Plant Selection Guides
Find a collection of plant selection guides to choose the right perennials, shrubs, trees, grasses, flowering bulbs for your beds and borders, backyard, front yard or patio. Discover the best roses, award-winning shrubs and trees, acclaimed perennials to beautify your landscape. Let us help you achieve the garden of your dreams and enjoy life to the full!
Here is a list of pretty cherry trees for late season color (late March to mid April) in your spring garden. They will make a wonderful addition to your garden and be one of your spring delights with their clouds of blossom.
Ornamental cherry trees are typically planted for the majestic yet delicate beauty of their flowers. However, many varieties are noted for their multi-season interest. Some display wonderful fall color, with their foliage warming up to brilliant shades of gold, red, or orange. Others enjoy a graceful shape that commands attention with their cascading branches creating an umbrella where everyone would want to stand under.
Many Japanese flowering cherries are fragrant and exude a pleasing scent of crushed almond. Prunus 'Amanogawa' is reported by some as having a freesia fragrance. However, in cold and rainy days, their fragrance is barely perceptible, except for strongly scented cherries such as 'Amanogawa' or 'Jo-nioi'.
What a treat to find evergreen shrubs that flower during the dull days of winter. Queens of the winter flowers, mid-season Camellias provide a splendid floral show in June - August in the southern hemisphere; January - March in the northern hemisphere. Winters may be long and cold, but your garden can allay that dreariness and be transformed into a place of natural beauty with visually arresting textures or colors. While flowers are usually associated with spring or summer, they can also contribute to the beauty of the winter garden. Adapted to endure harsh winter conditions, they bring the garden to life with their bright, showy colors and attract the eye.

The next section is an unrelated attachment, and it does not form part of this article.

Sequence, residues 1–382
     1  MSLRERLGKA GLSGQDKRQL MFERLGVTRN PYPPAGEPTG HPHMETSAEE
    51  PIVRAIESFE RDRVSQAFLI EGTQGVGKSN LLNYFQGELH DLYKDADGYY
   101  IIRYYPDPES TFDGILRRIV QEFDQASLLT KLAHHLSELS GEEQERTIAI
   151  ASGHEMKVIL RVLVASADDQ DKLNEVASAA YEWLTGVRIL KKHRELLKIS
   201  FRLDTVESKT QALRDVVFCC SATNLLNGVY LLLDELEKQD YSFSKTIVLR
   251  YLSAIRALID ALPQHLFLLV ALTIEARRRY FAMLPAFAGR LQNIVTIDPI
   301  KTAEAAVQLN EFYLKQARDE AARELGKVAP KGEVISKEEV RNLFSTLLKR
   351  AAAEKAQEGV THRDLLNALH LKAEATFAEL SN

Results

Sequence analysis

Most cherry tree varieties bloom in spring over a season that usually lasts several weeks. However, changes in weather conditions may have an impact on the time of flowering, advancing or delaying the appearance of the beloved cherry blossoms by several weeks.
Among these hybrids are Magnolia cultivars that are particularly favored by gardeners for their spectacular yellow flowers. They can be grown in beds and borders, as flowering hedges or as a specimen plant. Some are ideal for small gardens thanks to their small stature.
Until recently, Camellias were the privilege of mild winter regions (Zones 7-10). Thanks to advancements in breeding, many new camellia varieties can be successfully grown in Zone 6 where they can endure temperatures as cool as -10F (-23C) if grown in sheltered locations. Here is a selection of winter hardy camellias that could become the highlight of your fall or spring garden!
Dahlias are absolutely breathtaking flowers. They are widely available in such a huge range of intense colors that they can be used in any setting. All dahlias make tremendous cut flowers – the more you cut them, the more they bloom! Still, some are considered superstars.
For containers and low borders, the best choices are the shorter dahlias with more compact shapes. Keep well watered and place in full sun. You can count on these powerhouses to produce abundant blooms from summer through fall – with some producing up to 40 flowers per plant!
There are over 450 Lavender varieties and finding the most fragrant Lavender plant is not always an easy task. Not all Lavenders are highly scented. Some varieties are wonderful as accent plants but have little fragrance. Others might not look as spectacular but exude a rich perfume.
There are over 450 Lavender varieties and finding the most fragrant Lavender plant is not always an easy task. Not all Lavenders are highly scented. Among the most fragrant Lavenders are several cultivars of English Lavender (Lavandula angustifolia)
Plant bulbs in the fall starting when nighttime temperatures stay between 40-50° F. But, be sure to plant approximately six weeks before the ground freezes to allow sufficient time for rooting. Bulbs will root best in cool soil and once rooted undergo natural changes that keep them from freezing. Water your bulbs after planting to help them start the rooting process.
In your area, you may be able to grow many of the tropical and other marginally hardy plants by planting in warmer 'micro-climates' protected from exposure to wind and extreme cold.